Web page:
Some blends are not often in supply. I tried out Motzek Strang and couldn't figure out what all the fuss was about. Then I let it dry for a few hours and the Perique really popped, and I got it. I bought in 2015 and 2016, right before Motzek sold his business. There have been no releases since, and that's a unique blend that I dearly love. Would my world be diminished without Strang? Hell no. It's just tobacco. But if I want that flavor, I can have it. And I'm not paying through the nose for it. Same goes with HU tobaccos. When the FDA bullshit hit the spinning blades I stocked up.

For the most part, the blends that I like will not be affected by the FDA deeming rules. They're grandfathered in. But if those blends are ones that I like aged, I've bought them to age and then enjoy. I might not be around in 5 or 10 years. Or even maybe 10 minutes. Who knows? But for now I can think, "I'd like to taste that!" and I can enjoy a bowl.

 

nevadablue

Preferred Member
Jun 5, 2017
1,191
1
My food surrounds my tobacco, which is surrounded by my ammo. All guarded and protected by a bunker of course. Cellar?

 

PaulTheScandinavian

Preferred Member
Jul 28, 2016
5,748
12,168
Finland-Scandinavia-EU
Nevada:taken into consideration our Governments attitude to any tobacco products (yet firearms)you're doing it right way.

As for buying and cellaring,with our current retailing prices and vigilent customs authorities our possibilites to buy and cellar are more than limited,but we are doing our best we can,oh yes we are.

 

brightleaf

Preferred Member
Sep 4, 2017
555
2
I do not operate on the principle of scarcity or abundance. My choices are much more limited by available money. If I had money that I needed to find a place for, cellaring tobacco would be something I would consider. I think it would be enjoyable to select a blend from a pantry full of different choices. The same way I would like to have a pantry full of a different variety of ales. Of course, these are just pipe dreams.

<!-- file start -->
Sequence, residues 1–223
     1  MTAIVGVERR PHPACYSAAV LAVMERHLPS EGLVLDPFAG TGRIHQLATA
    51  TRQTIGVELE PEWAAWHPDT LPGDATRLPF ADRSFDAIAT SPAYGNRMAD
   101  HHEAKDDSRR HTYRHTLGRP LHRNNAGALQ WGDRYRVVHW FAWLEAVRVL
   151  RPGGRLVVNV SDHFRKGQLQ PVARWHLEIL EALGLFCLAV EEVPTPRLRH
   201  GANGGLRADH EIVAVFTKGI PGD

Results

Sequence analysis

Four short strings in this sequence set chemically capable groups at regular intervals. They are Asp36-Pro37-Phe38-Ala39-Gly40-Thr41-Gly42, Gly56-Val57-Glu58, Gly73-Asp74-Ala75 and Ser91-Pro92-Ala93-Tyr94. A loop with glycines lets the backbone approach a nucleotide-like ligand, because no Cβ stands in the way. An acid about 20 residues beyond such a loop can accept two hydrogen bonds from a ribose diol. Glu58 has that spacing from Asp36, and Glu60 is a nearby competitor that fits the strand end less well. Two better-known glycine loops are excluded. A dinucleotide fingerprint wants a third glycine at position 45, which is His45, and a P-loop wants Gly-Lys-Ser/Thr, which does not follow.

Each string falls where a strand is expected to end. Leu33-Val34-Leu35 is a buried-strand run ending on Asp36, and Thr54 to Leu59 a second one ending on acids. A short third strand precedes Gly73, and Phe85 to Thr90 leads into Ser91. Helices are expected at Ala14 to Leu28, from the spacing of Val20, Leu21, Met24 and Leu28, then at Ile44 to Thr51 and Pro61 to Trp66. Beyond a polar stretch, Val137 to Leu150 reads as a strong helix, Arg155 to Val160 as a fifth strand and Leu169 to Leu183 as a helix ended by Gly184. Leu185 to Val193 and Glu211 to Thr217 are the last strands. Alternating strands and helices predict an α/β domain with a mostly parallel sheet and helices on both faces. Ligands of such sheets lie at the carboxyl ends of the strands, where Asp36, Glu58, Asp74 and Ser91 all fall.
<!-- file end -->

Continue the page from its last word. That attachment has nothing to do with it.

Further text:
mso489

Preferred Member
Feb 21, 2013
34,617
30,980
There's a Biblical passage, though I'm not able to give the citation, that applies to this subject, and is a sort of koan to meditate. Sufficient to the day is the evil thereof, which proposes that we keep our accumulation of provisions light. You may accept or protest, but it comes from an arguably wise source.

 

alan73

Senior Member
Apr 26, 2017
461
27
MSO, good one , religion is just like politics, things never to speak about. TOO strong of opinions, too few rational and even handed people like yourself.
The bible is full of verses related to saving up, storing, and protecting oneself and family from unobtainium.
Abundance for me. Can't have too much of a good thing . I have spent a lot of money on getting unobtanium tobaccos, like Motzek Strang, HU, Klondike, Germaine's and the Esoterica lineup, just out of curiosity sake. I like spending money on experiences, more than just an item. To me, I was buying the experience. Some were worth every penny and some not so much.
Several of the unobtainiums were bought on this forum, others on eBay and Chicago. The experience of hunting them all down was part of the fun, and I spent HOURS on it.

 

virginialover

Preferred Member
Mar 29, 2016
801
3,172
Dictated by the rising cost of tobacco and more importantly... Murphy's law: your favorite tobacco will be discontinued just because.